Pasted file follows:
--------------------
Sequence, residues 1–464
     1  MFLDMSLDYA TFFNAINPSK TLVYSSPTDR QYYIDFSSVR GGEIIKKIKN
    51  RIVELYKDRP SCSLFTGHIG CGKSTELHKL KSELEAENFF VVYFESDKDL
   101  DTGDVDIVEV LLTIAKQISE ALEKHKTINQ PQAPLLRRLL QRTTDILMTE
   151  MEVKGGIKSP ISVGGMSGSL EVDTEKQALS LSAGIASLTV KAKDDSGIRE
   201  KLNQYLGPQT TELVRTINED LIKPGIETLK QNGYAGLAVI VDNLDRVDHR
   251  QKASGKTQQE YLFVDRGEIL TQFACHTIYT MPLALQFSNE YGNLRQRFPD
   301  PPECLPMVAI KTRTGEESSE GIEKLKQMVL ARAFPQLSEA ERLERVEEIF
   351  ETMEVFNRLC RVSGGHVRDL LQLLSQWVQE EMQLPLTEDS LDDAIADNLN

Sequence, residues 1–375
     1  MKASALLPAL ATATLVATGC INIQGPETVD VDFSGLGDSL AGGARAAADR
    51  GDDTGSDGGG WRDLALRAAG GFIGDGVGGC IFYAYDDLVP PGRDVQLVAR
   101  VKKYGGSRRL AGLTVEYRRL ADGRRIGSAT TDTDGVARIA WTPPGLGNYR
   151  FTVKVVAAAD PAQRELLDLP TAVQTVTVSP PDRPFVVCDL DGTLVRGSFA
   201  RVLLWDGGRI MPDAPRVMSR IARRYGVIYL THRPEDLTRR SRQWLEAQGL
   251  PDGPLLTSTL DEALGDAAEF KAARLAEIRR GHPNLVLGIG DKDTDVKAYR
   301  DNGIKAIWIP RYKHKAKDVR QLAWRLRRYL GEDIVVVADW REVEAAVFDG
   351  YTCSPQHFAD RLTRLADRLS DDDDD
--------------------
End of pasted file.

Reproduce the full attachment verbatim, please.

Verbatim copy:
Sequence, residues 1–464
     1  MFLDMSLDYA TFFNAINPSK TLVYSSPTDR QYYIDFSSVR GGEIIKKIKN
    51  RIVELYKDRP SCSLFTGHIG CGKSTELHKL KSELEAENFF VVYFESDKDL
   101  DTGDVDIVEV LLTIAKQISE ALEKHKTINQ PQAPLLRRLL QRTTDILMTE
   151  MEVKGGIKSP ISVGGMSGSL EVDTEKQALS LSAGIASLTV KAKDDSGIRE
   201  KLNQYLGPQT TELVRTINED LIKPGIETLK QNGYAGLAVI VDNLDRVDHR
   251  QKASGKTQQE YLFVDRGEIL TQFACHTIYT MPLALQFSNE YGNLRQRFPD
   301  PPECLPMVAI KTRTGEESSE GIEKLKQMVL ARAFPQLSEA ERLERVEEIF
   351  ETMEVFNRLC RVSGGHVRDL LQLLSQWVQE EMQLPLTEDS LDDAIADNLN

Sequence, residues 1–375
     1  MKASALLPAL ATATLVATGC INIQGPETVD VDFSGLGDSL AGGARAAADR
    51  GDDTGSDGGG WRDLALRAAG GFIGDGVGGC IFYAYDDLVP PGRDVQLVAR
   101  VKKYGGSRRL AGLTVEYRRL ADGRRIGSAT TDTDGVARIA WTPPGLGNYR
   151  FTVKVVAAAD PAQRELLDLP TAVQTVTVSP PDRPFVVCDL DGTLVRGSFA
   201  RVLLWDGGRI MPDAPRVMSR IARRYGVIYL THRPEDLTRR SRQWLEAQGL
   251  PDGPLLTSTL DEALGDAAEF KAARLAEIRR GHPNLVLGIG DKDTDVKAYR
   301  DNGIKAIWIP RYKHKAKDVR QLAWRLRRYL GEDIVVVADW REVEAAVFDG
   351  YTCSPQHFAD RLTRLADRLS DDDDD